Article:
The law on homelessness sets out what councils are legally required to do to help homeless people. In each nation of the UK, this is devolved to the governments. In the past, the laws were very similar but they are becoming increasingly different as each government brings in its own changes.
For example, Scottish councils now have to permanently house most people who go to them for help. In Wales and England councils have to try and prevent people becoming homeless in the first place. These changes have hugely improved the help that homeless people get. But we still think our governments can do more.
We talk to the Westminster, Scottish and Welsh governments to suggest ways they could improve the laws on homelessness. We also talk to councils about how they deliver their legal duties.
What needs to change
In England we are working with councils to deliver new legal duties to prevent and tackle homelessness. Read more about legislation in England
In Scotland we are calling on the government to use its powers to prevent homelessness and reduce the length of time people have to stay in temporary accommodation. Read more about legislation in Scotland
In Wales we are calling on councils to make improvements to prevent people becoming homeless and give homeless people the help they really need. Read more about legislation in Wales
The law on homelessness in England has changed. This is the result of successful campaigning by Crisis and other homelessness organisations.
Historically, homeless people in England have only been able to get help if their local council thought they were a ‘priority’. This was mostly families with children. For years this has meant that many people without children have been turned away by councils. Some have had to sleep rough.
A new law was passed by parliament in 2017. The Homelessness Reduction Act means that:
- all homeless people will be able to get help from their council
- councils must try to prevent people becoming homeless in the first place
- families with children will still be housed by councils if that’s the best way to help them
Councils started delivering their new duties on 3 April 2018.
We worked closely with the government to develop this new law and we're continuing to work with them as councils put it into practice. We are also working with councils across England to help them make the most of these new duties.
Read more about our No One Turned Away campaign to change the law in England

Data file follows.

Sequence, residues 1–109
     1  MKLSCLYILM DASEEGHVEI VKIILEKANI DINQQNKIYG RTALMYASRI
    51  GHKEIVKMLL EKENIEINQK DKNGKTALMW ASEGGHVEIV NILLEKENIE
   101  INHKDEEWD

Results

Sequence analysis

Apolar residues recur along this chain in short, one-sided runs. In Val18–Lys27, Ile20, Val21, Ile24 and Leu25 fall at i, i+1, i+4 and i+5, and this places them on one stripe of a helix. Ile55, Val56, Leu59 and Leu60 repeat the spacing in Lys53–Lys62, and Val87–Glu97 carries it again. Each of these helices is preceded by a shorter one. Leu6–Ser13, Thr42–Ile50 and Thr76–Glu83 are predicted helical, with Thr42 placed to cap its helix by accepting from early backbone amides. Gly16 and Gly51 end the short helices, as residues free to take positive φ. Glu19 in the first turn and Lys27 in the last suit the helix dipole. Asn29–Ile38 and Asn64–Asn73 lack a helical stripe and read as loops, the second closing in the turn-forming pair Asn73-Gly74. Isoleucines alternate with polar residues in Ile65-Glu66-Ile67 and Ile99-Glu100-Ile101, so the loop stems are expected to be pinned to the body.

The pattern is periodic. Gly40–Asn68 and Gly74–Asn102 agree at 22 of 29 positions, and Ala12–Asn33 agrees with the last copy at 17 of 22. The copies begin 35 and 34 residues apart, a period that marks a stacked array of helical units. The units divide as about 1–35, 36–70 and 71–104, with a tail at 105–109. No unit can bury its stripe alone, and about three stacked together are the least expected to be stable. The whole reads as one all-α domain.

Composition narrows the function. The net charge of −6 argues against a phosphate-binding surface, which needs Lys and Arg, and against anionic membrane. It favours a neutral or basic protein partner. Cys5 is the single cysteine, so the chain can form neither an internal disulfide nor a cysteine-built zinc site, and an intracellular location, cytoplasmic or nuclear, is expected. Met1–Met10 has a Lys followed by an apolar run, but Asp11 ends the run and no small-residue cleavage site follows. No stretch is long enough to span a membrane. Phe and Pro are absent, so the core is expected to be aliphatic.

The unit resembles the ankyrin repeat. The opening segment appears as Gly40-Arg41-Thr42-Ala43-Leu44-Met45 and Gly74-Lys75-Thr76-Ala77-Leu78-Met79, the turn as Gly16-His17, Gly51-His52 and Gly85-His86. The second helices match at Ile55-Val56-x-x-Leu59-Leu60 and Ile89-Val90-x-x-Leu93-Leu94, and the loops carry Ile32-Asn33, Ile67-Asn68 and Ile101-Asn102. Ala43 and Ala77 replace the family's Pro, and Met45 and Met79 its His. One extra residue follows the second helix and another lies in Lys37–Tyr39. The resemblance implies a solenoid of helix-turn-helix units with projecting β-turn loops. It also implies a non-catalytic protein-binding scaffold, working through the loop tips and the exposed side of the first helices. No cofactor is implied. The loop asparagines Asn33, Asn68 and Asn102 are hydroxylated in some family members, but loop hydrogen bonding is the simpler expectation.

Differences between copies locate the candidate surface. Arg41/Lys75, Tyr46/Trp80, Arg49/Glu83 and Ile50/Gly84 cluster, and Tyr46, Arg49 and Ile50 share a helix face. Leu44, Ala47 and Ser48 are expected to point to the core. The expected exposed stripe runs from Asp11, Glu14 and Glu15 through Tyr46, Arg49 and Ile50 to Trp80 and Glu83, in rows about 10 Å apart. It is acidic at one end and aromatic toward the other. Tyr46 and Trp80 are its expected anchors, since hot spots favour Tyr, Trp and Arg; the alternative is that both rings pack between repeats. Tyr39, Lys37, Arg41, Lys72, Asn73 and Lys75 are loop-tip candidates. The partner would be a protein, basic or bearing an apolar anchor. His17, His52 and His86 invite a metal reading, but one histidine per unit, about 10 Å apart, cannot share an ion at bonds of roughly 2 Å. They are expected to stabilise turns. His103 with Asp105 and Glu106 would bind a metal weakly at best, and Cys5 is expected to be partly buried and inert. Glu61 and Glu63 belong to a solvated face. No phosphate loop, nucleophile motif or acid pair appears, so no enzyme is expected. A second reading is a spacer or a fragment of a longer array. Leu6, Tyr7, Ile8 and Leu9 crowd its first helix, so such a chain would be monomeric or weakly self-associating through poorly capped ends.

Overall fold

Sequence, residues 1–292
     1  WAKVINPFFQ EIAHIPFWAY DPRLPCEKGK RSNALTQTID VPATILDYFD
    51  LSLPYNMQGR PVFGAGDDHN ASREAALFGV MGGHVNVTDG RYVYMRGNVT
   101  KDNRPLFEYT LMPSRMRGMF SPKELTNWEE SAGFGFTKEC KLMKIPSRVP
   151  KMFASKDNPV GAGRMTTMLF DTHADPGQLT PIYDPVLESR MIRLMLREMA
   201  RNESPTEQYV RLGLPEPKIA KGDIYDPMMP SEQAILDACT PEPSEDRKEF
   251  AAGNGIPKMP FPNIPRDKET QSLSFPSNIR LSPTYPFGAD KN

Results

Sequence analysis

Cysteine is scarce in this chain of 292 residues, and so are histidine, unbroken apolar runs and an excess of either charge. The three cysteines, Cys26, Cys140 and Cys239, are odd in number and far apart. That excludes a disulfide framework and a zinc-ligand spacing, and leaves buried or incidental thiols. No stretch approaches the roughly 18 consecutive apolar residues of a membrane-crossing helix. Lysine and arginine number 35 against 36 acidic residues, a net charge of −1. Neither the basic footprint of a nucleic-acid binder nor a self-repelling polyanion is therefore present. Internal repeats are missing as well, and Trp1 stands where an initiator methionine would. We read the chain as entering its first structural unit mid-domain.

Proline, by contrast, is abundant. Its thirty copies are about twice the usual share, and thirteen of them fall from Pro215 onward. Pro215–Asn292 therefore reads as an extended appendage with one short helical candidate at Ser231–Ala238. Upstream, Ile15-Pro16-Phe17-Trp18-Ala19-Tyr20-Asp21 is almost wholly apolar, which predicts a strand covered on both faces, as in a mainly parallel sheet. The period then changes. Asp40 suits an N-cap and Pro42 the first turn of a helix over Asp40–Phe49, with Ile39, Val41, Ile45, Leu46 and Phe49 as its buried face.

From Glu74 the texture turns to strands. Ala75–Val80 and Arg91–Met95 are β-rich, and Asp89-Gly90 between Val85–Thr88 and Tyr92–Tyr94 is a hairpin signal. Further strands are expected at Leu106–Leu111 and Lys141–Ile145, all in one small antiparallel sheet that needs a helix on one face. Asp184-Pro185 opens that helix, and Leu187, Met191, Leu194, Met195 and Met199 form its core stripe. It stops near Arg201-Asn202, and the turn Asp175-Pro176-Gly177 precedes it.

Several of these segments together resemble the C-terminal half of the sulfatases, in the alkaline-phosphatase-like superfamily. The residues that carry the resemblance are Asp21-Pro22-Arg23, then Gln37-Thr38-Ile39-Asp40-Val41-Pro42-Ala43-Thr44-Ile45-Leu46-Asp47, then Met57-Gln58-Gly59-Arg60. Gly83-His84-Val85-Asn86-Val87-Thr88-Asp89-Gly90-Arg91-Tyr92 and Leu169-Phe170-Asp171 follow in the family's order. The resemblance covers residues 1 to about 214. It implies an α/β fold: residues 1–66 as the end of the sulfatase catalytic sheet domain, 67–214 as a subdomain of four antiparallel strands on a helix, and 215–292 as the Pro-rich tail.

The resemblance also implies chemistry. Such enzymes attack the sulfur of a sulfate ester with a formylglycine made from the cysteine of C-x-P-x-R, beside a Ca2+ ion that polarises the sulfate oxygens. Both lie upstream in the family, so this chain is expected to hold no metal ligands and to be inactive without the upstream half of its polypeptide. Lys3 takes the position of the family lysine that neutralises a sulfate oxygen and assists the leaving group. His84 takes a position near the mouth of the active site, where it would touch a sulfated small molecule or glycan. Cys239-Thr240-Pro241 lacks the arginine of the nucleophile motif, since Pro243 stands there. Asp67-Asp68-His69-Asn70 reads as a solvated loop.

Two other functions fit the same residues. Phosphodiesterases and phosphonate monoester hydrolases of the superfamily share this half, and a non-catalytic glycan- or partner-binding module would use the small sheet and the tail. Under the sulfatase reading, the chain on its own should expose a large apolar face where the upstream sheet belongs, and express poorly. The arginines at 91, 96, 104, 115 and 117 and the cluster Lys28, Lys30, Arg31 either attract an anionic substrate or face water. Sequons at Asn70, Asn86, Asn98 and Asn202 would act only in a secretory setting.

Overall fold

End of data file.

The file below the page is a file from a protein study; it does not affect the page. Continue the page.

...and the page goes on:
- No One Turned Away report - 2016
- Turned Away research - 2014
- Homelessness Legislation: an independent review - 2015
In Scotland, there has been no distinction between ‘priority’ and ‘non-priority’ homeless people since 2012. This gives people in Scotland some of the strongest homelessness rights in the world. It means anyone who is homeless can go to their council for help and they should be provided with somewhere to stay temporarily. If they are homeless and it is not their fault (ie not as a result of anti-social behaviour or because they deliberately haven't paid their rent) then they are usually entitled to permanent accommodation.
In practice, people often have to stay in temporary accommodation for a long time while they wait for permanent accommodation. This accommodation is not always suitable to live in long term. It can have a negative impact on someone's wellbeing and make it difficult for them if they are trying to gain or keep employment.
The Scottish Government has encouraged councils to prevent homelessness using the ‘Housing Options’ approach. This helps people to keep their home or work out what housing options are available to them before they reach crisis point. Whilst this has helped reduce the number of people who need to apply to the council as officially homeless, in some parts of Scotland, people find it hard to get the help they need from their local council.
We think Scotland can learn lessons from the new laws in Wales and England to become more effective at preventing homelessness. The Scottish Government's Homelessness and Rough Sleeping Action Group, chaired by Crisis chief executive Jon Sparkes, has recommended that Scotland introduces a duty to prevent homelessness.
Find out more about our Life in Limbo campaign to make sure homeless people aren't stuck living in unsuitable hostels, B&Bs or lodging houses.
The Welsh government introduced a new law on homelessness in 2014. It requires councils to try and prevent people becoming homeless in the first place. It also means more people get help. Before this law was introduced, councils only had to help homeless people they thought were a ‘priority’. This was mostly families with children.
We are already seeing early signs that the new law is working. Many families are being helped before they become homeless and in crisis. Fewer families are having to be housed in expensive emergency accommodation. We have also seen changes in Wales in the way homelessness services work. Some councils are doing much more to work with people to find the best solution to deal with their particular housing problem. However, there are growing concerns about rough sleeping levels in Wales.
But we want to see more councils working in this way. We are working with the Welsh government and with councils across Wales. We want to make sure councils are doing their best to prevent people becoming homeless and that homeless people are getting the help they really need.
Read Reasonable Steps by Shelter (PDF)
See also: our work around enforcement measures taken against people sleeping rough.